Despite concerns that the facilities would draw more people who use drugs to an area and cause disorder, according to the EMCDDA, these facilities benefit their local communities. The facilities weren’t linked to higher crime and, in fact, were linked to reduced street disorder and encounters with police.
It should also be noted, that overall in areas with OPCs, far fewer arrests for minor drug offenses occur. While it was recently reported that someone is arrested for marijuana possession in the U.S. every 42 seconds, Dutch citizens have generally been spared the burden of criminal records for minor, nonviolent offenses. According to one comparison, in 2005 there were 269 marijuana possession arrests for every 100,000 citizens in the United States, 206 in the United Kingdom, 225 in France, and just 19 in the Netherlands.
Lighter enforcement did not lead to more drug use. About 25.7 percent of Dutch citizens reported having used marijuana at least once, which is on par with the European average. In the comparatively strict United Kingdom, the rate is 30.2 percent and in the United States it is a whopping 41.9 percent.
There are currently 120 OPCs operating in ten countries around the world, and the Drug Policy Alliance says there has not been a single overdose fatality at any OPC.
Despite all of this data, there are some who are opposed to OPCs because of a lack of understanding or perhaps a lack of compassion for the recovery community, causing a lack of willingness to work with harm reduction advocates within the NYC community.
Representative Nicole Malliotakis said in an interview with PBS NewsHour that OPCs are nothing more than “a community center for heroin addicts to go and shoot up under supervision, which I think is crazy … I don’t see this ending in a good place. I think it’s just going to further deteriorate communities. It’s going to further attract the criminal element.”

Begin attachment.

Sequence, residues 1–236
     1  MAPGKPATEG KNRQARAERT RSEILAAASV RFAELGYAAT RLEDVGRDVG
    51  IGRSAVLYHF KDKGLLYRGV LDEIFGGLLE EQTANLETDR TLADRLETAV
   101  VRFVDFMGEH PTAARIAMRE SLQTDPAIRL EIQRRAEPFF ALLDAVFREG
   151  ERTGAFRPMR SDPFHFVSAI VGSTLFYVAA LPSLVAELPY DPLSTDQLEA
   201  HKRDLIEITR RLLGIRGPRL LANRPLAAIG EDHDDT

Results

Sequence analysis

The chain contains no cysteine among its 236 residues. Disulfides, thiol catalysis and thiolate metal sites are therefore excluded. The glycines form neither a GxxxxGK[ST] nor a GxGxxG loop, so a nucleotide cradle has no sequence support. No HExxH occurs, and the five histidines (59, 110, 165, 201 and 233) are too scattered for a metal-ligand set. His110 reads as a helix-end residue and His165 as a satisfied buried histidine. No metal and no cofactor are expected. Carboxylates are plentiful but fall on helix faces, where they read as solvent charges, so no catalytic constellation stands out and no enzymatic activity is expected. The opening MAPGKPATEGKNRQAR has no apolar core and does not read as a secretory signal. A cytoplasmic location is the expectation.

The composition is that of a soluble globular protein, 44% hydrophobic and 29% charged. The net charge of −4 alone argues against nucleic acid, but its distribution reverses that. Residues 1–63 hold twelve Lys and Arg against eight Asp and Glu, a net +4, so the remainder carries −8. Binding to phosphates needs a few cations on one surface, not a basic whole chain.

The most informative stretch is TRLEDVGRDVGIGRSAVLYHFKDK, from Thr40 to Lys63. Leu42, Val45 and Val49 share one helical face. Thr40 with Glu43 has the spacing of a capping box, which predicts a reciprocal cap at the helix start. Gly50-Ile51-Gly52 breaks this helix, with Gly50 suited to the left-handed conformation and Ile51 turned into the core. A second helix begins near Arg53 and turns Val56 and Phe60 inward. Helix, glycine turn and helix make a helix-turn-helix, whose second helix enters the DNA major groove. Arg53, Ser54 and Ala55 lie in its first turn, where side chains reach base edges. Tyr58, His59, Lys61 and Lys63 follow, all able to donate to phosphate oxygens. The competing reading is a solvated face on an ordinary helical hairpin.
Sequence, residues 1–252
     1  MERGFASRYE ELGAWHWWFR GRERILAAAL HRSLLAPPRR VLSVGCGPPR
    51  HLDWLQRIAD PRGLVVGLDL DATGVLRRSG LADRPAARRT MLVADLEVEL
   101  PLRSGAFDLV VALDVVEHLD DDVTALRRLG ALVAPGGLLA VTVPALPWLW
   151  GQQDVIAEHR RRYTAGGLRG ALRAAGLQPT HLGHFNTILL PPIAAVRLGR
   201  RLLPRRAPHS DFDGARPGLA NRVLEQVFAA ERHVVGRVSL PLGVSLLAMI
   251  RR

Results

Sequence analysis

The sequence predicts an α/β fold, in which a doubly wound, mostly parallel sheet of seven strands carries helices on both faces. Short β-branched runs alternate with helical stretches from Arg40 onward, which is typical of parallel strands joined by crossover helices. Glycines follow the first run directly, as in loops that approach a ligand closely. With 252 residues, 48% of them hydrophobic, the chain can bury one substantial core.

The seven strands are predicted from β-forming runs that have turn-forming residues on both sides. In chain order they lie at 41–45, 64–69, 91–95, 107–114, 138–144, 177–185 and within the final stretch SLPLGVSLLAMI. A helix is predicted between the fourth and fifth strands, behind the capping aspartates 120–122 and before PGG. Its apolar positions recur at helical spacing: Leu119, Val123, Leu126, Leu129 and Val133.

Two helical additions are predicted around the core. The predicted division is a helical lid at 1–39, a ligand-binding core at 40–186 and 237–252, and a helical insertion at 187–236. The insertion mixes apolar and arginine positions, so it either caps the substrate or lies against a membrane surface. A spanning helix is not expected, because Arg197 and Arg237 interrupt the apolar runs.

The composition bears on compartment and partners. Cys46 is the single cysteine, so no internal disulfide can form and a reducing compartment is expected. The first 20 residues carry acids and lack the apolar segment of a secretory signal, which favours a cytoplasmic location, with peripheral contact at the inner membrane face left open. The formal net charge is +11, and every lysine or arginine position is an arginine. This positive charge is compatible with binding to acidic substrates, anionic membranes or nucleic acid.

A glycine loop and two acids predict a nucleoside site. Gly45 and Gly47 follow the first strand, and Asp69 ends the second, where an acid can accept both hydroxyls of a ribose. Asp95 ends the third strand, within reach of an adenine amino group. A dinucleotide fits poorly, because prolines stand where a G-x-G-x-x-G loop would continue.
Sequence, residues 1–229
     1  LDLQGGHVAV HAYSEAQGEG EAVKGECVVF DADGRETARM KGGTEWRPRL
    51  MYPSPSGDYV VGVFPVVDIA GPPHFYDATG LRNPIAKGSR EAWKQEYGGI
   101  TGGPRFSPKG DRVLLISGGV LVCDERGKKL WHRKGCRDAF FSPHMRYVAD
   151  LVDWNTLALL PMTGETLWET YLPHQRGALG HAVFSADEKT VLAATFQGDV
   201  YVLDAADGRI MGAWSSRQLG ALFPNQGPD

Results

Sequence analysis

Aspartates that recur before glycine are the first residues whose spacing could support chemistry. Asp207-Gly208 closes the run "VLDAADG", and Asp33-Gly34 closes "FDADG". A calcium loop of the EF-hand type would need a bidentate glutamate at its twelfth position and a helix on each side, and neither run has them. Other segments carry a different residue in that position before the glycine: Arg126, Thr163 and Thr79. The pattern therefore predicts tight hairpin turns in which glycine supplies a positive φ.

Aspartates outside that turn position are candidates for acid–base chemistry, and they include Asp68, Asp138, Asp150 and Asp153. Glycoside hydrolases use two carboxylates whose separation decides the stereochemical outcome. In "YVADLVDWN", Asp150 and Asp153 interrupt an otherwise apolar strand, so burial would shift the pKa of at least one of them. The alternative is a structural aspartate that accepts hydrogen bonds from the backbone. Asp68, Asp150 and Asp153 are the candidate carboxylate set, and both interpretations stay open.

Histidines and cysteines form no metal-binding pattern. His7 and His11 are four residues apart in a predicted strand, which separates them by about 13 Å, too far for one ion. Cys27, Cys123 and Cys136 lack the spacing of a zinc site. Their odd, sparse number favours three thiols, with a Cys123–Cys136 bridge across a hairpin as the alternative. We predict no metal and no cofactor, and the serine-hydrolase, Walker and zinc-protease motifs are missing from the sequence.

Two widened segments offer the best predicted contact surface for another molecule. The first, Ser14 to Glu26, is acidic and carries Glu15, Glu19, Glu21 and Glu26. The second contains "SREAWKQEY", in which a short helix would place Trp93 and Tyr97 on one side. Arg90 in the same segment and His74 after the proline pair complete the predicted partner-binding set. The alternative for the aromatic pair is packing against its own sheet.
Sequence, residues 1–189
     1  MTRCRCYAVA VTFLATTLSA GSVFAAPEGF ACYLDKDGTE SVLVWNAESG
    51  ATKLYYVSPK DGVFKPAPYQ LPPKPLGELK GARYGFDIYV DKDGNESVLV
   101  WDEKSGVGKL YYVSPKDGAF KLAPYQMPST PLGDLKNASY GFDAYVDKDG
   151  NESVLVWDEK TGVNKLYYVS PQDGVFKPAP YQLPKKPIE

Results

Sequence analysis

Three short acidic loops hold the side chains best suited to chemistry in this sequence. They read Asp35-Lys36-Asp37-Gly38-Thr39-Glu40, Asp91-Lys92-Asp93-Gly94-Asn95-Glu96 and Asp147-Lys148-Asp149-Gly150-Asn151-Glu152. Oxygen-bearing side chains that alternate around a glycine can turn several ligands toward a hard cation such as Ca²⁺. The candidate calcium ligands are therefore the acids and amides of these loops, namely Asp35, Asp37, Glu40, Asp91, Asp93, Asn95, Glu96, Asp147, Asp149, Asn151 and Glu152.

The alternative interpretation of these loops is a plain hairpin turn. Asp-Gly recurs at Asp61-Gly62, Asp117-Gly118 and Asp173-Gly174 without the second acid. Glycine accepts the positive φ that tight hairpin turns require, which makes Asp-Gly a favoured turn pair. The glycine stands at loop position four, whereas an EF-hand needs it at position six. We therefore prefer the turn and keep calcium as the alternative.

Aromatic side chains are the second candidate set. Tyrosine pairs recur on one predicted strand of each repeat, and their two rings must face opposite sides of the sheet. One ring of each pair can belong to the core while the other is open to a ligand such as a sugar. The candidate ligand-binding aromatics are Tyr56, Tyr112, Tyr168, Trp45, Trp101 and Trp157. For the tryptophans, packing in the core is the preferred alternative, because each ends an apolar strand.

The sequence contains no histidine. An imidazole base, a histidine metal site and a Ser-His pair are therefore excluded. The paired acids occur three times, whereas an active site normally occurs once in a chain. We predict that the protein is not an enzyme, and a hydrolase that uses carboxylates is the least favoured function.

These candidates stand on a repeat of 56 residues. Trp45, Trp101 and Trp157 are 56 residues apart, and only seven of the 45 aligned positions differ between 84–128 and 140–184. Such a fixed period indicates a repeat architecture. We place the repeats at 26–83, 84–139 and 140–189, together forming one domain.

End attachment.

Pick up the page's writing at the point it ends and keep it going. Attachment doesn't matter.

As noted above and from countless other studies, OPCs are evidence-based solutions that save lives and make communities safer.
According to a January 2020 Edmonton Journal editorial, by 2020, Alberta had seven OPCs with a “100-per-cent success rate at reversing the more than 4,300 overdoses” that occurred from November 2017—when the first OPC opened in the province—until August 2019.
New York State Senator Gustavo Rivera, a supporter of OPCs in NYC, said in a statement that, “these centers are not only safe places where people who use drugs can receive medical care and be connected to treatment, but they also help address the valid concerns that certain New Yorkers have regarding the increased presence of substance use on our streets and its impact on our communities. … I look forward to working with Governor Hochul and my colleagues in the Legislature to authorize them throughout New York State and prevent unnecessary overdose deaths as we deal with putting an end to the opioid epidemic.”
Today is our nation’s first-ever National Fentanyl Awareness Day, a broad coalition of nonprofit organizations, major corporations, government agencies, and schools whose mission is to raise awareness about the presence of fentanyl in counterfeit pills. Illegally made fentanyl is the primary driver of the recent increase in overdose deaths, and fentanyl-involved deaths are the fastest growing among 14- to 23-year-olds.
National Fentanyl Awareness Day is supported by an Advisory Council comprised of experts in drug policy, public health, harm reduction, internet safety, and neuroscience. This breadth of expertise is indicative of the urgency that all stakeholders share about the need to alert the public about the unprecedented increase in drug-related deaths driven by fentanyl, and to initiate a national conversation about solutions.
This makes today, now more than ever, a fitting time to reflect on OPCs and their place in our city and our community. Far too many lives have been lost to the overdose and addiction crisis this country is facing. Action needs to be taken before any more lives are lost to overdoses, which are reversible with the use of naloxone and the integration of more OPCs.
Alexandra Nyman is an NYC resident
The writer is the editor-in-chief of Soberocity, a blog with a focus on the recovery community and raising awareness on substance use disorders. Nyman serves as the Founder of Break Free NYFW, a mental health and substance use disorder advocacy group bridging the gap between fashion as a medium of both art and advocacy.